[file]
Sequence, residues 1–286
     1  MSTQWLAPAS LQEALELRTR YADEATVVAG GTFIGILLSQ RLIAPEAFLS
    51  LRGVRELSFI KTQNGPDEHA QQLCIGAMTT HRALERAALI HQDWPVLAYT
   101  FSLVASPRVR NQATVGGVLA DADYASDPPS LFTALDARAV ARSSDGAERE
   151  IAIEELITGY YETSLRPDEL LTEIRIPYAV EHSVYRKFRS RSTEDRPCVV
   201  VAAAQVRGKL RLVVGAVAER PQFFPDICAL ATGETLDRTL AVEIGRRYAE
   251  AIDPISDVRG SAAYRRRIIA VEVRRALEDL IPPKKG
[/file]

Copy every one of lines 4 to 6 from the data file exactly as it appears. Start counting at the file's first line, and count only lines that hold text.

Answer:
   101  FSLVASPRVR NQATVGGVLA DADYASDPPS LFTALDARAV ARSSDGAERE
   151  IAIEELITGY YETSLRPDEL LTEIRIPYAV EHSVYRKFRS RSTEDRPCVV
   201  VAAAQVRGKL RLVVGAVAER PQFFPDICAL ATGETLDRTL AVEIGRRYAE